Do not make promises to other drivers, especially when the police or insurance companies are involved.
Step 8: Write down what happened
When you can find a quiet moment, write down exactly what happened, as best you can remember, including:
- specific accident location, time and date
- the direction you are driving
- your location on the road and what you were doing at the time of impact, and
- What was the other vehicle doing at the time of the accident?
Step 9: Notify your auto insurance company
Your car insurance company will have a number to call to report the accident. You can also call your insurance agent, who will ask certain questions on your behalf and report the accident to the insurance company.
It is important to notify your car insurance company as soon as possible, regardless of who is at fault in the car accident. Your policy requires you to immediately notify your insurance company of any incidents that may trigger coverage. Failure to promptly notify your car insurance company could jeopardize your insurance.
Remember that reporting an accident to your car insurance carrier doesn’t mean you have to file a claim. Talk to your attorney or representative about the pros and cons of filing a claim, such as whether it could affect your car insurance premiums.
Step 10: Notify the Department of Motor Vehicles
Depending on where you live and the severity of the accident, you may need to file an accident report with your department of motor vehicles (DMV). Each state has its own criteria. For example, in California, you must report an accident to the DMV within 10 days if there is more than $1,000 in damage to any person’s property, or if anyone is killed or injured (any mild degrees).
Check with your state DMV to find out the reporting criteria in your state.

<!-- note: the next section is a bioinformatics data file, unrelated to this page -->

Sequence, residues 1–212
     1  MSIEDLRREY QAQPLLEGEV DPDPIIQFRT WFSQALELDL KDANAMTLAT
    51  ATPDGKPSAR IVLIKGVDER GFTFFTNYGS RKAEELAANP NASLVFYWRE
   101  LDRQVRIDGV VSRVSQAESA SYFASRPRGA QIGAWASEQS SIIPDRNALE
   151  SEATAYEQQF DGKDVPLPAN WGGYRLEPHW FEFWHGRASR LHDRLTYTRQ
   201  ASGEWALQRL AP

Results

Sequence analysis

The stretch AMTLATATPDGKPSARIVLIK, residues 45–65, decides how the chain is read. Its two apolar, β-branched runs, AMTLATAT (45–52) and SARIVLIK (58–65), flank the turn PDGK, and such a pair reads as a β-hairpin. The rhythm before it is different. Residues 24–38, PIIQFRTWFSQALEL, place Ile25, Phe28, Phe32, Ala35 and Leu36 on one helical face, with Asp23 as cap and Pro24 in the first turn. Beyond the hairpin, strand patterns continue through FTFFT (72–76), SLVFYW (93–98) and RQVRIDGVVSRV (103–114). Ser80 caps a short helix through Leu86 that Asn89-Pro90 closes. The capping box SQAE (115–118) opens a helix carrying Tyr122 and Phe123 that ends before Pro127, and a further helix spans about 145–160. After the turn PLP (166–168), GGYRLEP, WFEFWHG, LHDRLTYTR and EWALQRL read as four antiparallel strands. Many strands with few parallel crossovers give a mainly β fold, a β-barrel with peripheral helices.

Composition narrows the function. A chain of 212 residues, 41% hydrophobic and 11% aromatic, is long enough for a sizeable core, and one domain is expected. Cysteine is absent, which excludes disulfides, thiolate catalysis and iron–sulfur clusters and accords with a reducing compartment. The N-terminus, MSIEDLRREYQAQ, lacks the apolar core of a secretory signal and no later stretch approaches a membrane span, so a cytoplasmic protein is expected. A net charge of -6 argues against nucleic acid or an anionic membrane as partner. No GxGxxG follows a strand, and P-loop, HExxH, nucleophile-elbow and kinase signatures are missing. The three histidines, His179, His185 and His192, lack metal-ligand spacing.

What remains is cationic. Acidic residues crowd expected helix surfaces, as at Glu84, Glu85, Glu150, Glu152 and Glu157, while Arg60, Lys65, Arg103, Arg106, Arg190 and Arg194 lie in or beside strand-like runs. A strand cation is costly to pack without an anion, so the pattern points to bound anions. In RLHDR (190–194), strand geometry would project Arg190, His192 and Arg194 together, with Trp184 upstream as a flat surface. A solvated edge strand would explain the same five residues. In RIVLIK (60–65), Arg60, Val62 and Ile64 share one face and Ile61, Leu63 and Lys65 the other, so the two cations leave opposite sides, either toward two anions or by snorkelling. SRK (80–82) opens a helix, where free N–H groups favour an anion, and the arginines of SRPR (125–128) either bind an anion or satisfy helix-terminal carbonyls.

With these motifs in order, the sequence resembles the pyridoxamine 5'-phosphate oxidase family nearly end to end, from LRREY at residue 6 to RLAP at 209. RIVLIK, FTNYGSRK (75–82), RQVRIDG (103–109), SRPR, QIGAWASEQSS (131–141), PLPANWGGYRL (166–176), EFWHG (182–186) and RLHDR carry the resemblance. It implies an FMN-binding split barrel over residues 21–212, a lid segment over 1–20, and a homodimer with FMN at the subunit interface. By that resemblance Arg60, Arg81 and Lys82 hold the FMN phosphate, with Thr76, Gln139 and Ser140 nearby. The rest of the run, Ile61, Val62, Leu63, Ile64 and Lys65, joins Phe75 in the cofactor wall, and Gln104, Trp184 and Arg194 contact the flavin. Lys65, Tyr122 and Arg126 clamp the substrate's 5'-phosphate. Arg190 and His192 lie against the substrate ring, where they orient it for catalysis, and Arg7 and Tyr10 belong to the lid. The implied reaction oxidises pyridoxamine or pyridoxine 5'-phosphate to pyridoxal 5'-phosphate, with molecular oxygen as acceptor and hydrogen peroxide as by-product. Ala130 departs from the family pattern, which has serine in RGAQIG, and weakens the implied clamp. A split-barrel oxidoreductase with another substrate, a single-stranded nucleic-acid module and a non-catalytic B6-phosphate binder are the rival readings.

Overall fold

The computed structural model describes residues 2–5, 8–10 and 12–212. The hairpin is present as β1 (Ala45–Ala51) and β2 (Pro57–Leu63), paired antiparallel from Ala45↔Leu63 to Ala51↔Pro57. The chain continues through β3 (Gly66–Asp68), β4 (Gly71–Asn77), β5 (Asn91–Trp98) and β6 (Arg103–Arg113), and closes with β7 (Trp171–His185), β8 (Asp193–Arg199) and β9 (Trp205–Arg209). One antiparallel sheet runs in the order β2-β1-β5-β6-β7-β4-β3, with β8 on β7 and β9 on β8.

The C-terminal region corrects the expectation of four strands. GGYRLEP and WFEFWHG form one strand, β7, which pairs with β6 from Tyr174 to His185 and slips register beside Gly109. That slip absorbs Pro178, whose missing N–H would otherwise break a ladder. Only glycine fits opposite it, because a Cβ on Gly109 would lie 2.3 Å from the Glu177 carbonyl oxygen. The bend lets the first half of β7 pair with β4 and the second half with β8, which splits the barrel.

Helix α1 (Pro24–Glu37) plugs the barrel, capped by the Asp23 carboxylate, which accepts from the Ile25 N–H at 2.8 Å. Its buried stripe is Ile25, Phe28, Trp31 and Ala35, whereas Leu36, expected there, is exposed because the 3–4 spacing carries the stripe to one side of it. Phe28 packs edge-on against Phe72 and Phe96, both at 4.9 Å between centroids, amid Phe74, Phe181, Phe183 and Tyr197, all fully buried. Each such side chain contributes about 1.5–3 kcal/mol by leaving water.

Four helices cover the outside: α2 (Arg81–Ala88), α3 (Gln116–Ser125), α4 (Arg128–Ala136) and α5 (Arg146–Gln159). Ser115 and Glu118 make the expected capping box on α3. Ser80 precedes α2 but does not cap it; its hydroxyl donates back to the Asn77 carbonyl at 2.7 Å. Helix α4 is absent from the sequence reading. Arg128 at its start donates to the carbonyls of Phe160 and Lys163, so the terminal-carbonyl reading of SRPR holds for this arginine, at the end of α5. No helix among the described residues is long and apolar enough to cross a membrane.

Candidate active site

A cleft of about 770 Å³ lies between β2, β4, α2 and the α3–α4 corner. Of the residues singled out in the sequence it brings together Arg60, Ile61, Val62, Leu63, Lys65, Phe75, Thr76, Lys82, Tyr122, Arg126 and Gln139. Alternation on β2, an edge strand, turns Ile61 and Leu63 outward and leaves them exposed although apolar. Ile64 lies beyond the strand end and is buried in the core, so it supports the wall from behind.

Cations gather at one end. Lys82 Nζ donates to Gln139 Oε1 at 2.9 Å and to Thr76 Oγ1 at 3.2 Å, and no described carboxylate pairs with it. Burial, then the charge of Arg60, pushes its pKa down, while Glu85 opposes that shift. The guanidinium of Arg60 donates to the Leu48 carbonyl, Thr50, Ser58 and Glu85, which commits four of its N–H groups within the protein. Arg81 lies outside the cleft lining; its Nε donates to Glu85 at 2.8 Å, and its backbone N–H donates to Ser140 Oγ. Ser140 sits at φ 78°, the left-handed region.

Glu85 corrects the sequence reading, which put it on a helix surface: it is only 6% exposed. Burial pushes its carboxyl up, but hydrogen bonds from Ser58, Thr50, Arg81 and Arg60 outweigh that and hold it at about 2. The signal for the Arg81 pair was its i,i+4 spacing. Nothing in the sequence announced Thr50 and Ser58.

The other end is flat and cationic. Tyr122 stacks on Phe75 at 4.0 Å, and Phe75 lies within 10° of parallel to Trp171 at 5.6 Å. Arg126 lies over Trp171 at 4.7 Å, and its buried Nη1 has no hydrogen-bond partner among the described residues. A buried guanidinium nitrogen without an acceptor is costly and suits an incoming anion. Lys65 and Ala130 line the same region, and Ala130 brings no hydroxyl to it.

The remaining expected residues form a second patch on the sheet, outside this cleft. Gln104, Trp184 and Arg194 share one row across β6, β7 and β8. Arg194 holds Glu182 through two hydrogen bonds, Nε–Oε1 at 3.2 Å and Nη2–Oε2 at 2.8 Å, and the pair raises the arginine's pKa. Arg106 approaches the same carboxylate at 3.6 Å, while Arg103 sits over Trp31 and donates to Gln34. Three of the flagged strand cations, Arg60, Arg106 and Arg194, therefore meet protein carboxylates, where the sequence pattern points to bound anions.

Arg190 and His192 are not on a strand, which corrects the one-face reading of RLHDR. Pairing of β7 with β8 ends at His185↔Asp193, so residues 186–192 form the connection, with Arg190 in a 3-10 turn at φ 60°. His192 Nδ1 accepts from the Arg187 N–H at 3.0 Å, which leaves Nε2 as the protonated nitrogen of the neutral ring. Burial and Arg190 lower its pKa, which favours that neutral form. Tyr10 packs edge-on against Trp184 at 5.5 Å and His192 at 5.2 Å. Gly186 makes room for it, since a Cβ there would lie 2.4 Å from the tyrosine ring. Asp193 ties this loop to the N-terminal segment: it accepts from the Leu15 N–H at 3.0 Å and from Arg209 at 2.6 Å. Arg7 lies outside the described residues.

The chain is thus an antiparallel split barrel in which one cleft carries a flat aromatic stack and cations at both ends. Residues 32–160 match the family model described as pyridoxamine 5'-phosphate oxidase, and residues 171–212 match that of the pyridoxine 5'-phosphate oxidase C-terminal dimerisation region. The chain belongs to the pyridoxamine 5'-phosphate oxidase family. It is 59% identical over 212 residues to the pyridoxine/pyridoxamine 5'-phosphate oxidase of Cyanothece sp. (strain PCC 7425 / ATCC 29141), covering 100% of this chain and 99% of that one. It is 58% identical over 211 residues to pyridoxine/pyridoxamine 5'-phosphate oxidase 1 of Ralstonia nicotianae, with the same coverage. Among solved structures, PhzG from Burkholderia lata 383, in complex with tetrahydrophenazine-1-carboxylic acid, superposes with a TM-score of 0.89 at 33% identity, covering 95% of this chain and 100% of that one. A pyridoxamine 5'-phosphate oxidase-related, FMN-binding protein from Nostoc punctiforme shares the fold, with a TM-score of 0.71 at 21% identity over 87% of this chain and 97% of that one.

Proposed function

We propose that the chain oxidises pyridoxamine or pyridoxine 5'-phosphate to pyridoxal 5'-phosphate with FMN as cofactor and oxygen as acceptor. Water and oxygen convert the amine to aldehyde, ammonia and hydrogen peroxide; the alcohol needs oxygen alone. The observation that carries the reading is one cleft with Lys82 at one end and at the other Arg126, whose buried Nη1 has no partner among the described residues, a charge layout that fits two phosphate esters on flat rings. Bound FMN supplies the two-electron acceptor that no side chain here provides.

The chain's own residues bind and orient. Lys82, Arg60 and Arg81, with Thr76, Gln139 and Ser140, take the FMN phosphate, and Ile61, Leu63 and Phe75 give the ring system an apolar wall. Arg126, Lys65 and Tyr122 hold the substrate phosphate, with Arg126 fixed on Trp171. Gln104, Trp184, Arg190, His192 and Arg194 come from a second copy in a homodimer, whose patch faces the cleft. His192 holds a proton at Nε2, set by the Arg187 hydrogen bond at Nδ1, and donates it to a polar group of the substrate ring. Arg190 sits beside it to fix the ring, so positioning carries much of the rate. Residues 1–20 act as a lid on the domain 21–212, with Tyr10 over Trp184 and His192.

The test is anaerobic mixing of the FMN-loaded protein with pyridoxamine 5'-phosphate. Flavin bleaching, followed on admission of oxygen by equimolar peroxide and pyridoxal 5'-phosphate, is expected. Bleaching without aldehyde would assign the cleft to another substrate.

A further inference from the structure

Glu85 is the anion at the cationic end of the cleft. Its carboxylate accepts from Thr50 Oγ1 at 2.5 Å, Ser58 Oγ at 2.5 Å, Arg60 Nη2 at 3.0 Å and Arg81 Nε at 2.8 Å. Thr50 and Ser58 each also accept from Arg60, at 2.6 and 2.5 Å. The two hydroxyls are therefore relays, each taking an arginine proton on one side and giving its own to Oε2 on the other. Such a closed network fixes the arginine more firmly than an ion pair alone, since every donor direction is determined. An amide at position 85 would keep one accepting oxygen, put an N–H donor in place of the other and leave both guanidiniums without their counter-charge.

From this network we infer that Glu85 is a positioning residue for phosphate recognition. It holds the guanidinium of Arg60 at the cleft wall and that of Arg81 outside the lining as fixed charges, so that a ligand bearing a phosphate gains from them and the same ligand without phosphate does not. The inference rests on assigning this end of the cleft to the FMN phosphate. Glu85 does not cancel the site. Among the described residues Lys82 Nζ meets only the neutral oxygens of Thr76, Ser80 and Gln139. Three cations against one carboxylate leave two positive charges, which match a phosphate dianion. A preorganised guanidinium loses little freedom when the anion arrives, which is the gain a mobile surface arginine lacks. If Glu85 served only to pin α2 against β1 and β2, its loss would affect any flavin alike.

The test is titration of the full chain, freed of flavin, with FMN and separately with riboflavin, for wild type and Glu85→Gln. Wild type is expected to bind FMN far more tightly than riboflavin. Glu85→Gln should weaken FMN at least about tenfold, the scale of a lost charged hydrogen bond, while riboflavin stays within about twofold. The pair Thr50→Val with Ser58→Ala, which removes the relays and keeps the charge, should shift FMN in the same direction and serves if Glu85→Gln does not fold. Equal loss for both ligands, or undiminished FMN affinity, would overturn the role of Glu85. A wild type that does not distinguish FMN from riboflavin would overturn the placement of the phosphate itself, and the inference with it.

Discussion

Step 11: Partner with your auto insurance company
You are generally obligated to cooperate with your car insurance company’s investigation of the accident. That means you should answer their questions and provide them with evidence or information you gathered after the accident.
But if you feel like your car insurance company is wrongly denying your claim or you could be held criminally responsible for the accident, consider contacting an attorney. You may still need to answer the insurance company’s questions, but your attorney can make sure you don’t say anything that could lead to bigger problems later. An attorney can also help you find out if you can make a “bad faith” claim against the insurance company.
Step 12: Keep records carefully
If you have to get medical treatment or repair your car, record everything. Even if you don’t plan to file a claim, you can change your mind and you’ll need records to show your accident-related losses (called “damages”).
Car accident attorneys recommend keeping a car accident log to support your claim. Take note of your injuries and how they affect your daily life. You should also jot down who you talk to and what you say. Make sure not to delete any emails you exchanged with anyone about the crash.
For more tips, check out this checklist of records to collect after a car crash.
Step 13: Talk to a Lawyer
If your accident involves serious injury or major property damage, don’t sign anything that comes from another driver’s attorney or insurance company without first talking to an attorney. Learn more about how to talk (or not) with another driver’s insurance company after a car accident and how an attorney can help resolve your car accident case. You can connect with an attorney directly from this site for free.